We are deathly terrified of leaving something inside you or removing the wrong organ
Stories of surgical mistakes (“So there was once this surgeon who took out the wrong kidney...”) used to be the stuff of surgical lore, passed down from surgeon to student, but with the advent of the Internet these terrifying (and often true) tales now readily spread to the farthest reaches, and it seems everyone knows someone who heard of some guy who has had a pair of scissors left inside him (yes, that actually happens). We have strict protocols now before, during, and after every operation to prevent these mistakes, yet despite our best efforts they still do happen. Rarely. We make fun of these protocols and pretend they are meaningless and silly, but deep down we know they are important and potentially life-saving. Giving someone a not-so-pretty scar may be defensible, but leaving a huge surgical retractor in someone’s abdomen is not.
Obese people are much more difficult to operate on and take care of
There are few surgeons who would actually be willing to admit this and I don’t say it to be a heartless cretin, I’m only being honest. Obesity is increasingly becoming a worldwide problem, and it comes with a laundry list of associated health problems, including hypertension, diabetes, stroke, heart disease, high cholesterol, and obstructive sleep apnea, among many others. But in addition to that, being obese makes your operation much more difficult technically and puts you at a much higher risk of wound (and other) problems. Only the most honest surgeons will tell you this, but all of us are thinking it.
The operating room is not a serene environment
When you’re wheeled in, there may be tranquil music playing, and everyone there will probably use soft voices to calm and soothe you as you drift off to sleep. As soon as you’re out, however, the music changes to whatever the surgeon feels like listening to. I’ve heard everything from heavy metal to country to jazz to Japanese bluegrass (yes, really). The jokes come out too, and the more indelicate the better. Don’t misunderstand me—the operation always comes first, and no one takes that lightly. Ever. But that doesn’t mean the conversation is limited to just “Scalpel . . . Scalpel. Scissors . . . Scissors.” We do have some fun while you’re asleep, but not at your expense. Unless you have a misspelled tattoo.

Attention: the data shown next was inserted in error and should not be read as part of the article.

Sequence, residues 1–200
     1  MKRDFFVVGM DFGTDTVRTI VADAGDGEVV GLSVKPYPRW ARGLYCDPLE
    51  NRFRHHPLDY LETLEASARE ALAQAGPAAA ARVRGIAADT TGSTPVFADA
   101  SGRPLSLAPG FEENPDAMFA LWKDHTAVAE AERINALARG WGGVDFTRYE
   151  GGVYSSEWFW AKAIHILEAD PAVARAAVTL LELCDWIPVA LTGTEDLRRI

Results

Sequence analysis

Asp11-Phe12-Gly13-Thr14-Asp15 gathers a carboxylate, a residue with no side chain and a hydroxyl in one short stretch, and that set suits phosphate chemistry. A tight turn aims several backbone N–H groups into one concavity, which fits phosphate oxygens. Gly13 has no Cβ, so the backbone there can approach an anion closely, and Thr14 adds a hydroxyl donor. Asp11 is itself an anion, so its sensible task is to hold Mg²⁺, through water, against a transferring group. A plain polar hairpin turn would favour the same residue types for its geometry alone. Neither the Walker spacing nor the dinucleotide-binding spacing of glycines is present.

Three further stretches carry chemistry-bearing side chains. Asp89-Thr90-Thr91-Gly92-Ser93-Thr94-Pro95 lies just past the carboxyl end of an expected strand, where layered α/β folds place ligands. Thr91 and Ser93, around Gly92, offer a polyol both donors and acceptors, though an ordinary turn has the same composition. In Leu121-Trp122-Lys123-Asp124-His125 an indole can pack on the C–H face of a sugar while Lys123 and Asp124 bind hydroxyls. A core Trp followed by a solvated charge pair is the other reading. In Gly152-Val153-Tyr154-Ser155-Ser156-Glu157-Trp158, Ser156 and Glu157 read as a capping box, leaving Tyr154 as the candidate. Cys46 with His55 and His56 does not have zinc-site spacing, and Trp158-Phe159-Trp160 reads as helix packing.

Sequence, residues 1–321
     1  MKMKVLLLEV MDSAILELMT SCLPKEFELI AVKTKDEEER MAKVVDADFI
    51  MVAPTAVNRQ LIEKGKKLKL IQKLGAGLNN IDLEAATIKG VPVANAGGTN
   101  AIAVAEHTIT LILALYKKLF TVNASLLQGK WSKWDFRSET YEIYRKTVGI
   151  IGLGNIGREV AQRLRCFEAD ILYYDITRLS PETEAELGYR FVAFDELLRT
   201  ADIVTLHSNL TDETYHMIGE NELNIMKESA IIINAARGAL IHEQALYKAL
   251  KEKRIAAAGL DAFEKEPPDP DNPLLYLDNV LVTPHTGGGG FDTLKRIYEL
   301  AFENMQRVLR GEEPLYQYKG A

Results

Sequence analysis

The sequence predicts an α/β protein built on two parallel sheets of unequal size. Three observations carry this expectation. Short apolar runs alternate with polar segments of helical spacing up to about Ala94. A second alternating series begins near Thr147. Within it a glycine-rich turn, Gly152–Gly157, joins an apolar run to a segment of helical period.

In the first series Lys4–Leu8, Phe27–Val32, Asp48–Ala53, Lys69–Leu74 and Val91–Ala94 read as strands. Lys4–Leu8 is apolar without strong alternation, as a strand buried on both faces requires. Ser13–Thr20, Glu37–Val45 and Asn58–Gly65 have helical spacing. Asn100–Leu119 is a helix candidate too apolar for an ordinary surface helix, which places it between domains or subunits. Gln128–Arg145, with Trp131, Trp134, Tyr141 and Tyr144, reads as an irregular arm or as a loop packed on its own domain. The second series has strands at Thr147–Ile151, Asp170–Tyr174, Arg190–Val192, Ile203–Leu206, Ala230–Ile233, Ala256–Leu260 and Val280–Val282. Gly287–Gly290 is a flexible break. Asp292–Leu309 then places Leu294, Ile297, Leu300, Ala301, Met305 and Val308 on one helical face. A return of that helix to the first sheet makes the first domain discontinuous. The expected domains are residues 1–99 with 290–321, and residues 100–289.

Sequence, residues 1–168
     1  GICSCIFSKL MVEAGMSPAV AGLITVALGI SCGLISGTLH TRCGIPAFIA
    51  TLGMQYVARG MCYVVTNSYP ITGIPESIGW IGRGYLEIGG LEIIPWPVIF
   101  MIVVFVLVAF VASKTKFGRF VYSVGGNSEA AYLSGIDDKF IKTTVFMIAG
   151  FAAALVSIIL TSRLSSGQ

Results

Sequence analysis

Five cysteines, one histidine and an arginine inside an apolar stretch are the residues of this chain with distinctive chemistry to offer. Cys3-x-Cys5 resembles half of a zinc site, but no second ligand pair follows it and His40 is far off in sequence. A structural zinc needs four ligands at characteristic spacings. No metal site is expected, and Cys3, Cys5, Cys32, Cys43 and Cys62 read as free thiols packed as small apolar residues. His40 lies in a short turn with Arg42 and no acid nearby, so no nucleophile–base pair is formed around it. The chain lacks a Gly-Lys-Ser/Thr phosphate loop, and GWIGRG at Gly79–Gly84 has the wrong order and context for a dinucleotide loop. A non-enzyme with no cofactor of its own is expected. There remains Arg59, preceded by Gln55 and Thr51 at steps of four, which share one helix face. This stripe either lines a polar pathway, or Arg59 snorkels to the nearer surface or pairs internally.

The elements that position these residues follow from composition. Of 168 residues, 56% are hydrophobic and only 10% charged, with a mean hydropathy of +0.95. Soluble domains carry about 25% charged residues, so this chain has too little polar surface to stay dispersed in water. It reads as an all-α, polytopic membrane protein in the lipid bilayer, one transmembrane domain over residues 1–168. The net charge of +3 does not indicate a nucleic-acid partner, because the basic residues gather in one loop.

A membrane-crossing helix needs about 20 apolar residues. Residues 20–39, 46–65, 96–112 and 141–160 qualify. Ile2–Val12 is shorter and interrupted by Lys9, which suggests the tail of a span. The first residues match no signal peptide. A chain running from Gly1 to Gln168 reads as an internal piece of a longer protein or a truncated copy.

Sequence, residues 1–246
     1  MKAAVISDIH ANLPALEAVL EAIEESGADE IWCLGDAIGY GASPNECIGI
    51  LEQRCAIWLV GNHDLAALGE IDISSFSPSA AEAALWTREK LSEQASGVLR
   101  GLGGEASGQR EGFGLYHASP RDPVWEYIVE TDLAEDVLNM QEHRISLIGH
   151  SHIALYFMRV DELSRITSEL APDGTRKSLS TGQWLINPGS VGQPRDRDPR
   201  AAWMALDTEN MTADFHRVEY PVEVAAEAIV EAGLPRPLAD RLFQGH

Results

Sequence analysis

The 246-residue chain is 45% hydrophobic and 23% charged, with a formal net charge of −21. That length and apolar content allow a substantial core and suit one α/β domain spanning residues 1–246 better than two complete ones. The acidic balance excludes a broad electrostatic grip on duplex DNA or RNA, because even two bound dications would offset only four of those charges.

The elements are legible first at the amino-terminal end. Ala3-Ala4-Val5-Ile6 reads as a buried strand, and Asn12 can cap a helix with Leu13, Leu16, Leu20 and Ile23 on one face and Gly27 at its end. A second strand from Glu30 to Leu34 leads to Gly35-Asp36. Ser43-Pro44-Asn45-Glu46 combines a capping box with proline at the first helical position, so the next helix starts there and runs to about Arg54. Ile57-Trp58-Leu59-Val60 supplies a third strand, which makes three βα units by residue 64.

We all see you naked, but we don’t care
When I had my appendectomy in college, I was absolutely mortified when I discovered the next day that the surgeon, residents, nurses, assistants, techs, aides, and probably several dozen other people all saw me au naturel. It hadn’t even occurred to me beforehand that this was even a possibility. Several years later during the first operation that I witnessed as a medical student, I immediately realized that no one in there cares. We’ve all seen it a million times, and trust me, despite what you may believe, yours is no different than anyone else’s. I’ve had many patients who have been apprehensive about disrobing before surgery, but there is nothing remotely titillating in the operating room. Nothing.
The bandage matters
It may seem like an inconsequential afterthought, but to me the bandage I put on at the end of an operation is one of its most important aspects. You’ll never see what went on inside you as I was working, but when you wake up the first thing you’ll see is the bandage. I may have done a pristine gall bladder surgery, but if the bandage is crooked or wrinkled or bloody, then I immediately look like a hack. So I will take the extra 15 seconds to make the bandage look PERFECT.
We make diagnostic mistakes, and we hate it
Everyone knows that medicine is an art as well as a science, surgery even more so. High-resolution CT scans, sonograms, MRIs, and other diagnostic tests are better than ever and incredibly helpful these days, and when we combine them with our own physical examination, we can get pretty damned close to perfect at making the correct diagnosis ... pretty close, but not quite. Unfortunately we do rarely make diagnostic mistakes and perform unnecessary surgery. Though it hasn’t happened lately, several times I’ve been lead astray by a false-positive CT scan, and I’ve subsequently taken out several perfectly normal appendixes. And I feel like an idiot every time. I hate being wrong, so every time it happens I go back and try to figure out why I was wrong so it doesn’t happen again. Still, we know it will happen again, and this frustrates us to no end.
So what really goes on behind that sterile curtain? It’s really quite simple: we never lose sight of our purpose, and we always remember that for a short time, you are completely at our mercy as we quite literally have your lives in our hands. All we do is our absolute best to take you apart, put you back together, and make it look and feel like what we just did to you was no big deal.